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Remifentanil-induced abdominal pain: a randomised clinical trial.

Remifentanil is a short-acting opioid (1) which, unlike other traditional opioids, undergoes widespread extrahepatic metabolism, resulting in an extremely rapid clearance in less than three to 10 minutes (2-6).

It is a selective [mu]-opioid receptor agonist that provides rapid-onset but short-term analgesia with a predictable duration of action with no accumulation of effect on repeated dosing or with continuous infusion (1,5). The medication is widely administered for the induction and maintenance of anaesthesia in different minor and major operations as well as in a great variety of patients including children and patients with renal, hepatic or cardiovascular disease (1,6).

Numerous studies have reported several side-effects for the drug including dizziness, drowsiness, nausea and vomiting, shivering, headache and allergic reactions (7); abdominal pain, however, is not mentioned as a frequent complaint in these patients. According to our experience in this field, we noted that a great number of patients receiving remifentanil in their anaesthetic regimen experienced postoperative abdominal pain. As a result, we performed this study to investigate its incidence.

METHOD AND MATERIALS

After obtaining approval from the ethical board committee of Mashhad University of Medical Sciences, this single-blinded prospective randomised clinical trial was conducted on all candidates for cataract surgery under general anaesthesia. The patients selected were of ASA classification I or II; those with positive history of abdominal discomfort or peptic ulcer disease or opium addiction were excluded from the study.

The patients were all informed about the consequences of the study and informed consent was obtained from them. They were then divided into two equal groups using a random allocation software.

Upon the patients' arrival in the operating room, standard monitoring was installed for both remifentanil and control groups. Oxygen saturation and ECG were monitored continuously and non-invasive blood pressure monitoring was performed every five minutes. After establishing venous access with a 20 to 22 gauge intravenous cannula and prior to the induction of anaesthesia, a bolus of 3 to 5 ml/kg lactated Ringer's solution followed by a constant rate of 6 ml/kg/h was infused intravenously.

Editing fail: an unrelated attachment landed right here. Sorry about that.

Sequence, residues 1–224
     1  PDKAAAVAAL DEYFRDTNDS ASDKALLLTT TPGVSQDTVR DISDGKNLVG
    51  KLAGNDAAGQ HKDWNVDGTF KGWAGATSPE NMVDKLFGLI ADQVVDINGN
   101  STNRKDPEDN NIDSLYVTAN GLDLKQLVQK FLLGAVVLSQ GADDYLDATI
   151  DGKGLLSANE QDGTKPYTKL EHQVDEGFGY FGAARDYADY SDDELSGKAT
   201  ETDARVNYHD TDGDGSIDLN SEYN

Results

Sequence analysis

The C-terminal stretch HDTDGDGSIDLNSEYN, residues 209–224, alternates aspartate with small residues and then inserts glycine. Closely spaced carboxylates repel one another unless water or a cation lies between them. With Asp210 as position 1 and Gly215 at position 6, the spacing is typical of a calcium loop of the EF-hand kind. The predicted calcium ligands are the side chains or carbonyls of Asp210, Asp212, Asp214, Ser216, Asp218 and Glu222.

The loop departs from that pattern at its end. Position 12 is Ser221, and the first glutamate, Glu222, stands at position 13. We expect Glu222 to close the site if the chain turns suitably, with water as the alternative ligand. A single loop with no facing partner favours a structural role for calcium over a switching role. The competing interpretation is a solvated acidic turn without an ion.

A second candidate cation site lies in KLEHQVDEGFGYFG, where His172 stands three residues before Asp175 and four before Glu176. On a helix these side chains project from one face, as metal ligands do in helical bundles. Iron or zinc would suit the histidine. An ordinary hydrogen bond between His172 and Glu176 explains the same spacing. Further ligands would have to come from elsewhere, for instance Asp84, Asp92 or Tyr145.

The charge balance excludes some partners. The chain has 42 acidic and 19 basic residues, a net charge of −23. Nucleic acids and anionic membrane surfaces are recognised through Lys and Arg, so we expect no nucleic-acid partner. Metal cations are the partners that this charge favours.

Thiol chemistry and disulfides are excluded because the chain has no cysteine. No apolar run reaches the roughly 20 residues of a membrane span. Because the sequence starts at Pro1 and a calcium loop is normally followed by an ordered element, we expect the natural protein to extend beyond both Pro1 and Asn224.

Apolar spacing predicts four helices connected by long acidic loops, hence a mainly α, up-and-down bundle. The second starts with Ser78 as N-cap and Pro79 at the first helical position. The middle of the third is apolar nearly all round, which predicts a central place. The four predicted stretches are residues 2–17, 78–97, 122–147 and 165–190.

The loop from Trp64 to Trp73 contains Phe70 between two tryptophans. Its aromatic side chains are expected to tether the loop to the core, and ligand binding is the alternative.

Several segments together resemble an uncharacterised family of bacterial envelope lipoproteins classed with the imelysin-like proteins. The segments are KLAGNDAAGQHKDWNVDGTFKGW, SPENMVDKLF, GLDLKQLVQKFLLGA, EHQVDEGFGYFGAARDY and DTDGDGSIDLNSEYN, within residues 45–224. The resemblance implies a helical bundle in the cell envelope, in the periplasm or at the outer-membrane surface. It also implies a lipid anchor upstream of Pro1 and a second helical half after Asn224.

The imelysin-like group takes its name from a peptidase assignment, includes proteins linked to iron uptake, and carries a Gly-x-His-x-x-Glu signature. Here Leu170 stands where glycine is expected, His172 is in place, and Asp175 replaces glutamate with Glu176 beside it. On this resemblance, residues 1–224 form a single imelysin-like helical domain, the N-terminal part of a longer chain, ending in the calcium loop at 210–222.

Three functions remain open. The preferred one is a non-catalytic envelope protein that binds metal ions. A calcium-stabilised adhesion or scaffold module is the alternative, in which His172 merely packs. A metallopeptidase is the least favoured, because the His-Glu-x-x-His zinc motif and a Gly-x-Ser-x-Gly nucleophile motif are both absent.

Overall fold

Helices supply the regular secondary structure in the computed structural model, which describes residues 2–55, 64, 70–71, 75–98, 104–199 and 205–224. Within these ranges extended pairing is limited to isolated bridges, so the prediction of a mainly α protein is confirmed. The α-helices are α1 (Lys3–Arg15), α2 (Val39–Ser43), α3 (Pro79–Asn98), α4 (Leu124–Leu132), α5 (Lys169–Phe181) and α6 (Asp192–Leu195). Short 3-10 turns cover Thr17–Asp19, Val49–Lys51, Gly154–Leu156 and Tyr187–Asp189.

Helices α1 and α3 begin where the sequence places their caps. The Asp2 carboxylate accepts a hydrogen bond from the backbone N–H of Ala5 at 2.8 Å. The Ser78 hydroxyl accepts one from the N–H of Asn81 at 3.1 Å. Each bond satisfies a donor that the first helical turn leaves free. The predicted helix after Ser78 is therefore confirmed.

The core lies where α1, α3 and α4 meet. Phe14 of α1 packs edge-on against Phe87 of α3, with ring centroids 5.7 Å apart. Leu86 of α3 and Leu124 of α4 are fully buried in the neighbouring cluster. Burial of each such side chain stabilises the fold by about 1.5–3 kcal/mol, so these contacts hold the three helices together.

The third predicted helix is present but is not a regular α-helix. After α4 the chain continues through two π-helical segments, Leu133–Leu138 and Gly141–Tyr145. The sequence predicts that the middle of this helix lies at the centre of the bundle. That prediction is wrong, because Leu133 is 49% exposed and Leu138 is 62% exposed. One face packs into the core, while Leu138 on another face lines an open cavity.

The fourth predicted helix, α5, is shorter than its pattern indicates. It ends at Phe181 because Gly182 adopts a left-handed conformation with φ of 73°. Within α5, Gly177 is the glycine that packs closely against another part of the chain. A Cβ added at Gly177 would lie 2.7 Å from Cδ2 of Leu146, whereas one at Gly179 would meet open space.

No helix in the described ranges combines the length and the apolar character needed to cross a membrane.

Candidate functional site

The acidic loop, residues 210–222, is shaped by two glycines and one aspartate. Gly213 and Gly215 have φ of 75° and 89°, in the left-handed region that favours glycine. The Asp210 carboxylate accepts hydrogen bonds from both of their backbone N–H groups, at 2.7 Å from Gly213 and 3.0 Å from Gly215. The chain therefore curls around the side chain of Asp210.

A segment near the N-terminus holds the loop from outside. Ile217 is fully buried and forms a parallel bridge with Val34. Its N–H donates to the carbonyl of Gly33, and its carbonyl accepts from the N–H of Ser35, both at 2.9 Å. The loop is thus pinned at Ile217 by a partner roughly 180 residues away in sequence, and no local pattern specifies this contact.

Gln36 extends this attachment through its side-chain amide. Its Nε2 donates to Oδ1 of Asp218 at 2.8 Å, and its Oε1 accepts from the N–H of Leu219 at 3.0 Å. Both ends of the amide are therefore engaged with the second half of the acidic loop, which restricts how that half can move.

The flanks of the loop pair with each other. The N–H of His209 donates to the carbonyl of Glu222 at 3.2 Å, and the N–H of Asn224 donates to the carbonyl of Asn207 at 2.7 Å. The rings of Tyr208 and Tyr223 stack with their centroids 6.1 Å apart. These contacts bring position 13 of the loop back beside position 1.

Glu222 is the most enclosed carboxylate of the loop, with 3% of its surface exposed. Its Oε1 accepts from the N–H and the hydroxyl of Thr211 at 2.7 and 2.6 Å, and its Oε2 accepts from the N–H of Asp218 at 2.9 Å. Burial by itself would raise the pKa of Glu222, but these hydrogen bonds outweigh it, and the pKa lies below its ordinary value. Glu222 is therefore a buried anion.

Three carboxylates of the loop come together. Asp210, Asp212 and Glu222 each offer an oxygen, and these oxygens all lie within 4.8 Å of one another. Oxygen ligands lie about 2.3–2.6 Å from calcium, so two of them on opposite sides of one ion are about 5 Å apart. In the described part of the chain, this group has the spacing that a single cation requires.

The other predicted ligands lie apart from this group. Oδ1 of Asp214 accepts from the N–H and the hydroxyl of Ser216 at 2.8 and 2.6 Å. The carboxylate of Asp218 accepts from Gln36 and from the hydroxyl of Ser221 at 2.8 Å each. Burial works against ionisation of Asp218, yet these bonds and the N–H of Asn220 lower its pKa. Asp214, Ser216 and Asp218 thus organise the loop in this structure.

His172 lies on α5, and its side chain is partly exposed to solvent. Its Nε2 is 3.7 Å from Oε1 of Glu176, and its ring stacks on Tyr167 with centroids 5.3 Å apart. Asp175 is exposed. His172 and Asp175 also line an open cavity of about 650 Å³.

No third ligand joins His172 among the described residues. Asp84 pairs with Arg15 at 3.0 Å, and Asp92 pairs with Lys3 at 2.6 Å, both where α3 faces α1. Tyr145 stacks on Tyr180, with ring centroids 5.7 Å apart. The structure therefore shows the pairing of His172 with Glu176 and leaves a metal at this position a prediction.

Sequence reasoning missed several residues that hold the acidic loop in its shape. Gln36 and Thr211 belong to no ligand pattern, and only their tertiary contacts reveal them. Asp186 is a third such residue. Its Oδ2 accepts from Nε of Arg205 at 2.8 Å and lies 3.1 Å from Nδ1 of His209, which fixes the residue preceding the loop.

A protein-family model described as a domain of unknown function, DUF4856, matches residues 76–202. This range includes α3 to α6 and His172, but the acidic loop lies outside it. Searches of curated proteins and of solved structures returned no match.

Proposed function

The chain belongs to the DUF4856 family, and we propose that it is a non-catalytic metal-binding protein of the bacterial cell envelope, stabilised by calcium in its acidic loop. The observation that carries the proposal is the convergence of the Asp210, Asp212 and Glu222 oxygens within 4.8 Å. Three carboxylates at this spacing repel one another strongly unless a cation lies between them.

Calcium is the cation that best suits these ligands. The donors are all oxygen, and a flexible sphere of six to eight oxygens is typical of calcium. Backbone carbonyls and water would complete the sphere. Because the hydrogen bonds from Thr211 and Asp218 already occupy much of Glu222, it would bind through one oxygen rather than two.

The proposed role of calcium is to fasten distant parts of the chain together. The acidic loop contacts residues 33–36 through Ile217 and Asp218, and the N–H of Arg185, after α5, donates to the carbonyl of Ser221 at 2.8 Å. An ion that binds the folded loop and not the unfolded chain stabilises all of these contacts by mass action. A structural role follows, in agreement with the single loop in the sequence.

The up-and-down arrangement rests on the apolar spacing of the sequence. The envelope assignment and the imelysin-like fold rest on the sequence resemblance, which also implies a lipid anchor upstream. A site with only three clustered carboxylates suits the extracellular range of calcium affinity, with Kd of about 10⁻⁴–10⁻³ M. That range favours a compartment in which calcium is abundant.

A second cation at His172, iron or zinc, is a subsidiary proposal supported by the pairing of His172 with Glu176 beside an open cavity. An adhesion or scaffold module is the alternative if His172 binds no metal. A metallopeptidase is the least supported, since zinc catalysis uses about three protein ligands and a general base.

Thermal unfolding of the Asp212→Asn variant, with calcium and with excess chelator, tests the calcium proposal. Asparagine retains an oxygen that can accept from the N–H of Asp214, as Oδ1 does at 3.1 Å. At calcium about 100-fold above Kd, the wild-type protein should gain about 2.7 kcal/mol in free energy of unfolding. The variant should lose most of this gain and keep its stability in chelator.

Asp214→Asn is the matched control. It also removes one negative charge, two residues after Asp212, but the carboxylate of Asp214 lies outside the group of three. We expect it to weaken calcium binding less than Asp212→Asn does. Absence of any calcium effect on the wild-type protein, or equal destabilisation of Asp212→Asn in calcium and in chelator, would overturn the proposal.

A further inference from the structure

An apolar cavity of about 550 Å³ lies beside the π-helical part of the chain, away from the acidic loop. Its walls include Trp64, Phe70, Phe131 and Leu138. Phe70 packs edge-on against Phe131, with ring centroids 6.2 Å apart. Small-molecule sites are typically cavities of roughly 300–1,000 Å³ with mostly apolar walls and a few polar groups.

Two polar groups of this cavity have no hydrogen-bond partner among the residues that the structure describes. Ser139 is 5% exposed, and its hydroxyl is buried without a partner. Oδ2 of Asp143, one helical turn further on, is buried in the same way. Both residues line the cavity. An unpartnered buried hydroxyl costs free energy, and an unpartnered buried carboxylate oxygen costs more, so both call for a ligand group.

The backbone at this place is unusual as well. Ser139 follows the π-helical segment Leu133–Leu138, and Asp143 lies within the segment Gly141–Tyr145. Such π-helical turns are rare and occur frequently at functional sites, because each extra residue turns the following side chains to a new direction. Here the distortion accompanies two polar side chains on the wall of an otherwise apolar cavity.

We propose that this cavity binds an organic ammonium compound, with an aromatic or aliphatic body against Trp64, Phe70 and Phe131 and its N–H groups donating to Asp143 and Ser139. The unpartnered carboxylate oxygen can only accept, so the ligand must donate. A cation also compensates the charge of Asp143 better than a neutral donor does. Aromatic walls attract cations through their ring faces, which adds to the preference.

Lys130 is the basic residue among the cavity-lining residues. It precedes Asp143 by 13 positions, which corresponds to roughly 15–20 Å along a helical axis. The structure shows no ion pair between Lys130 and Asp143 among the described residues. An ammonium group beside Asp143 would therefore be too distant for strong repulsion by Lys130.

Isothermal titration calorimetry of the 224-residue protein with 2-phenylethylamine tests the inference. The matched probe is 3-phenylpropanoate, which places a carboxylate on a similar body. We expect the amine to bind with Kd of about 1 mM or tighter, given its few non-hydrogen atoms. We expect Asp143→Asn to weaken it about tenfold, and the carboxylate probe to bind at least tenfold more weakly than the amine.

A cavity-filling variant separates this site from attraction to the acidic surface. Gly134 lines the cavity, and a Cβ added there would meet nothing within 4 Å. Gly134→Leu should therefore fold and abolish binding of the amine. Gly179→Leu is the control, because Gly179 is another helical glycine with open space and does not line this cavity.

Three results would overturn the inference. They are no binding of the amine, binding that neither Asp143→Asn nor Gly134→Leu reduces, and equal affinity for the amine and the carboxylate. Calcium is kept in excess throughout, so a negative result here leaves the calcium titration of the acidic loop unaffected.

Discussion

In the control group, anaesthesia was induced by 1 to 2 [micro]g/kg fentanyl, 1 to 1.5 mg/kg propofol and 0.5 mg/kg atracurium after pre-oxygenation for three minutes, after which laryngoscopy and intubation was performed. A continuous infusion of 50 to 150 [micro]g/kg/min propofol and 60% [N.sub.2]O inhalation was used to maintain anaesthesia.

In the remifentanil group, pre-oxygenation was performed prior to the induction of anaesthesia with 2 [micro]g/kg remifentanil, 1 to 1.5 mg/kg propofol and 0.5 mg/kg atracurium. The patient was then intubated and anaesthesia maintained with 0.3 to 0.6 [micro]g/kg/min remifentanil infusion and 60% [N.sub.2]O inhalation.

At the end of the surgery, the administration of anaesthetic agents was terminated without tapering. Atropine (25 to 40 [micro]g/kg) and neostigmine (50 to 80 [micro]g/kg) were then infused to reverse muscle relaxation. The patients were extubated when adequate spontaneous ventilation ([V.sub.T] >4 ml/kg) was established.

The patients were directly transferred to the post-anaesthesia care unit where monitoring including pulse oximetry, ECG monitoring and NIBP measurement were continued. The minimum stay in the postoperative care unit was 30 minutes and the patients were transferred to the ward when they were haemodynamically stable.

A technician, unaware of the objectives of the study, was responsible for monitoring the patients in the postoperative care unit for the presence of symptoms such as abdominal pain, nausea and vomiting.